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Quantum Optics: From Photons and Atoms to Molecules and Solid State Systems

In the past years the field of quantum optics has begun to expand from its original domain covering basic photon(ic) and atom(ic) systems into the realm of molecular and solid state physics. Theory and experiment have progressed to the point where the traditional boundaries between the different areas have become less pronounced. The aim of this conference is to bring together scientists from these various fields now contributing to an increasing extent to quantum optics and adopting quantum optical approaches in order to study and discuss the similarities and synergies between the different realizations of quantum optical systems and to identify new trends and possible applications.

Quantum physics is fundamental for our understanding of nature, and it has thus been central for the development of new methods and technologies. Devices and applications are in general governed by classical physics, but more and more their basis is in the quantum world. Modern developments in the field of quantum optics and solid state physics show that quantum systems per se can be useful devices. For example, they can serve as small quantum computers or they can be used in a clock or interferometer for high-precision measurements. They find application in superconducting devices and can be used for secure quantum cryptography. A robust technological implementation of quantum physics has the potential to be one of the defining technologies of the 21st century.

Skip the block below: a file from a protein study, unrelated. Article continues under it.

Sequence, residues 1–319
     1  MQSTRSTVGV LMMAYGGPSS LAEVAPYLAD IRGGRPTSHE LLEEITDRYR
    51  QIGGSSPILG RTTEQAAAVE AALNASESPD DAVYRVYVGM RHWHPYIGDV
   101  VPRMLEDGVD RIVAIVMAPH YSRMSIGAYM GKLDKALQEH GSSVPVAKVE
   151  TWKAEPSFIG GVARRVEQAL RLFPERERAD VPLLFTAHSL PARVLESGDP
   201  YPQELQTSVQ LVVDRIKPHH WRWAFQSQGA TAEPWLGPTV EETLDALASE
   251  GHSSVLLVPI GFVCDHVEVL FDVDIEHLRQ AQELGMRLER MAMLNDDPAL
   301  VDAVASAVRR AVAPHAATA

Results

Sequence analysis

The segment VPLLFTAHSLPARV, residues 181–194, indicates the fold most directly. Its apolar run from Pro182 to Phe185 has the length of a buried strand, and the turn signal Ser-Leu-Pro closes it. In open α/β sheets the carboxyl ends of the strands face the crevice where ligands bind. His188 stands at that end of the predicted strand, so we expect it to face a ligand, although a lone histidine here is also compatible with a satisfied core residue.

Quantum physical concepts by themselves can have far reaching implications beyond their traditional applications. The concept of a quantum bit, contrasted to the classical bit, will force us to redefine our ways of classifying logical operations and consequently the complexity classes of computational and logical problems or even the concept of mathematical proofs. One of the great challenges in quantum optics today is to link different quantum systems to each other while preserving the quantum nature over the link. Another great challenge is to identify the border between the classical and the quantum world and to find ways to extend the quantum world into the mesoscopic regime.

The meeting is not just planned as a place to show results but will serve as the crystallization point for many new ideas in this rapidly developing field and provided a forum for building collaborations. There will be invited and contributed talks, as well as poster sessions and open discussions. Young people are especially encouraged to participate, as the meeting is very much looking forward to the future.

Registration deadline
16 December 2007